If you’ve been watching Channel 4’s The Sound of Musicals you will be familiar with the bright eyes and bubbly personality of Amy Anzel, slogging her guts out to get Happy Days- A New Musical on stage in the UK. If you haven’t been watching The Sound of Musicals then I recommend catching up on it, it’s a really interesting insight into the hard work and focus of the West End.
Amy was nice enough to answer a few questions I had about the industry, and in particular her role in getting Happy Days into the final stages of production. Rehearsals start this week and opening night draws ever closer at The Churchill Theatre, Bromley on 11th January 2014. It hasn’t been an easy process for Amy, “being a new producer in the industry was definitely the greatest challenge!” she tells me, “so much is stacked against you as you have no track record, so I was always up against ‘critics’ and naysayers. However, persistence pays off. I never lost focus and my ultimate goal was always very clear, so I never let anyone or anything get in the way.” And persistence was exactly what she needed, having been involved with the musical since the developmental workshops in 2004!
In an industry dominated by the likes of the mighty Cameron Mackintosh, has Amy found any advantages or disadvantages in being a young woman? “Mostly disadvantages sadly. Most producers seem to be middle aged men. I also got the feeling that it’s a bit of a ‘club’ mentality and I’m not a member. There are obvious exceptions to the rule like theatre owner and producer Nica Burns, who I have the utmost respect for. I’d love to follow in her footsteps!” It seems bizarre that in 2013 women still face the challenge of overcoming their gender in order to be accepted as talented people of good business sense. Particularly in the arts, an industry that should pioneer equality!
Amy is absolutely qualified for the role of producer, and says, “I have been performing since I was a child and naturally, I shifted into the producing side as I wanted to be more in control and create great productions. As an actor, you’re primarily there to help create the production. As a producer, you actually create the production and are at the helm.” So would she ever consider using her knowledge and experience from producing Happy Days to mentor other hopeful young producers? “I would love to be a mentor and give back. I think you definitely learn by doing, but I would be happy to give advice and guide others based on my experiences…not that I’m that experienced yet! Get back to me in 6 months, and I’m sure I’ll have lots more to share!”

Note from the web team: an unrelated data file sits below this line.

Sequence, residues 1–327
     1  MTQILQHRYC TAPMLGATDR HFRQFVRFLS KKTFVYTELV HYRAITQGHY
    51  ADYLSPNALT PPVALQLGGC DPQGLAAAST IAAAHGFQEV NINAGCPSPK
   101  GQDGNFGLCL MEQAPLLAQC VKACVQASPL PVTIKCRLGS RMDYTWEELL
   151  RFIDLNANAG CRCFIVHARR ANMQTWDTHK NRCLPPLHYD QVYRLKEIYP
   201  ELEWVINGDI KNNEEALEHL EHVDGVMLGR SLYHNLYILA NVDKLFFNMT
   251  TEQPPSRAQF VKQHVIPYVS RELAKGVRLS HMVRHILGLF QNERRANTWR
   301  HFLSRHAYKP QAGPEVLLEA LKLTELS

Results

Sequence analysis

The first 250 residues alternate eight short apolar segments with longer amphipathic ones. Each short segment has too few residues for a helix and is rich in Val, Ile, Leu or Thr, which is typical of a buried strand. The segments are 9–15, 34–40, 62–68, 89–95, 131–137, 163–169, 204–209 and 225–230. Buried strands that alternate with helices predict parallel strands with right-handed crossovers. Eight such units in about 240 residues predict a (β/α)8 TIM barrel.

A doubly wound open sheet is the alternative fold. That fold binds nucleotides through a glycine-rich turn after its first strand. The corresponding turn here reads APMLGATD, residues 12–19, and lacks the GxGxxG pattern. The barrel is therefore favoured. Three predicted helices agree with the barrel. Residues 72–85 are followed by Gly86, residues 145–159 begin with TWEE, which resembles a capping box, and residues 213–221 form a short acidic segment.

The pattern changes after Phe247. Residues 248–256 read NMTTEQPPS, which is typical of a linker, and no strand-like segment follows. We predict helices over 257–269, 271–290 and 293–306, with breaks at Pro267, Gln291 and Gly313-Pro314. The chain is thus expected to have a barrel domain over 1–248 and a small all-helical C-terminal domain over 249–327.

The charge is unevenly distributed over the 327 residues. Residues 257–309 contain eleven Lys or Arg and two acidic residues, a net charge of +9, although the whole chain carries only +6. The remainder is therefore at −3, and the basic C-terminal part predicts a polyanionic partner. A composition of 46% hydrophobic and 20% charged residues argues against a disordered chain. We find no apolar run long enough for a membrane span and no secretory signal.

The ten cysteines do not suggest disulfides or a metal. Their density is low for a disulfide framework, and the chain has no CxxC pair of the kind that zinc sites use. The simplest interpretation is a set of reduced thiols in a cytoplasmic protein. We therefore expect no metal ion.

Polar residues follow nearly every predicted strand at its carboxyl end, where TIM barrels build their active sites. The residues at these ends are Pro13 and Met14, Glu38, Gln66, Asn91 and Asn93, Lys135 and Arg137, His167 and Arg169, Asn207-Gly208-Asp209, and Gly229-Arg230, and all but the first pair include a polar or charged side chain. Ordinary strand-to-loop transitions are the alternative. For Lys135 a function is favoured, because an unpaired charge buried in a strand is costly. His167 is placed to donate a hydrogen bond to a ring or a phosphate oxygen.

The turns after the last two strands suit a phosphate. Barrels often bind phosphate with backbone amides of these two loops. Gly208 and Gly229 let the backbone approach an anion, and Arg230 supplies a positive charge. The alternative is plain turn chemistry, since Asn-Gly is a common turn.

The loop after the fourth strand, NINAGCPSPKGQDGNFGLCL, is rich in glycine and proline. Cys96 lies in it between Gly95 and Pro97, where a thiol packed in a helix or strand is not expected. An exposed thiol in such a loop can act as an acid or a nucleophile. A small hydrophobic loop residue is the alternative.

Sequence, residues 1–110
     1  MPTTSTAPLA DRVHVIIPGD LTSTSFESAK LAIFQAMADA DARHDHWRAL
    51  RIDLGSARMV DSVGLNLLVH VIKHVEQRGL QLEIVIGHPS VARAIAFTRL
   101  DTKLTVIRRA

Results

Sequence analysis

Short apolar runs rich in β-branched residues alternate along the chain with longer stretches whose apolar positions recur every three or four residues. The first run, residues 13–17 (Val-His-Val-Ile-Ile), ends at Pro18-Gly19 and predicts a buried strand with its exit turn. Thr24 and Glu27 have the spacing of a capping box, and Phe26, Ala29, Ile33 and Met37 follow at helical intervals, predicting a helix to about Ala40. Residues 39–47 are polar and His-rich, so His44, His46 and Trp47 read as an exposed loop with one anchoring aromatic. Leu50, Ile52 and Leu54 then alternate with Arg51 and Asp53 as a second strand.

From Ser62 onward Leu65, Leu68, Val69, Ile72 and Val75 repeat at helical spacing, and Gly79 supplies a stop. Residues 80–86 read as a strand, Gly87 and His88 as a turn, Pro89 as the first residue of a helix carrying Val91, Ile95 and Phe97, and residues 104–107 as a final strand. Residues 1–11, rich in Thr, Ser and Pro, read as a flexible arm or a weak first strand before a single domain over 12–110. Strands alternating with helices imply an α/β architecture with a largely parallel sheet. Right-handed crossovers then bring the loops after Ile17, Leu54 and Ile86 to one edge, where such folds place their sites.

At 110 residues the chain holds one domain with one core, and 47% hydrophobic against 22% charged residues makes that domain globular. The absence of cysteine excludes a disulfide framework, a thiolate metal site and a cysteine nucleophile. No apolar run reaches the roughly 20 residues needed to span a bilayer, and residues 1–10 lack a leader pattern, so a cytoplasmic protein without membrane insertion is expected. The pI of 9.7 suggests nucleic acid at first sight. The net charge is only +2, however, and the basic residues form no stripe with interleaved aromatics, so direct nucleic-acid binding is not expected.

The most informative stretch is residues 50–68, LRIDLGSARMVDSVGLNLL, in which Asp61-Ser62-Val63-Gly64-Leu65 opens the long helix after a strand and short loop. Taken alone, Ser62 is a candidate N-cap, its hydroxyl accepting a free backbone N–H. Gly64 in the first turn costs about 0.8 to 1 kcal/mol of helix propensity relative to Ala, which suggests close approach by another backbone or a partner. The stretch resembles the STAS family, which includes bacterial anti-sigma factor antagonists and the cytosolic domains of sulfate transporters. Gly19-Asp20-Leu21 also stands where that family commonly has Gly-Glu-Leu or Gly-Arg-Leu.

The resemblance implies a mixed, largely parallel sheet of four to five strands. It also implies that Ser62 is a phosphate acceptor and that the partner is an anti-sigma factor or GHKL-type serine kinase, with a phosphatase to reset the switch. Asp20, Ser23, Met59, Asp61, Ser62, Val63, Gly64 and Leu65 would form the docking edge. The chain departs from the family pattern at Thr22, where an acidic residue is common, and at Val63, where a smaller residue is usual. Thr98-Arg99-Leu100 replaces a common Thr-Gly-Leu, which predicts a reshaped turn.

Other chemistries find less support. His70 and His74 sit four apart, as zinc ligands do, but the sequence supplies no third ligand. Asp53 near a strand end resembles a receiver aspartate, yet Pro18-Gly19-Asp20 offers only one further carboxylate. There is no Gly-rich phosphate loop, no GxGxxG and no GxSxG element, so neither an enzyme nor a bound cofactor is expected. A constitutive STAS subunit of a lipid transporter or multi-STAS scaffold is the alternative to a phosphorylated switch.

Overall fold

So nearly a decade after first encountering the project, and a lot of hard work later, opening night is now visible on the horizon. Is she terrified or just excited about seeing the show finally come to life? “Just excited! I’ve been working on this for 4 years, so I am eager to see Happy Days – A New Musical finally on the stage! I also have total confidence in my creative team and my cast, so I know that by the time we open in January at the Churchill Theatre in Bromley, we will be absolutely ready and in tip top shape!” After the UK Tour, Amy hopes to bring the show to the West End.
Info and tickets available at http://happydaysthemusical.com/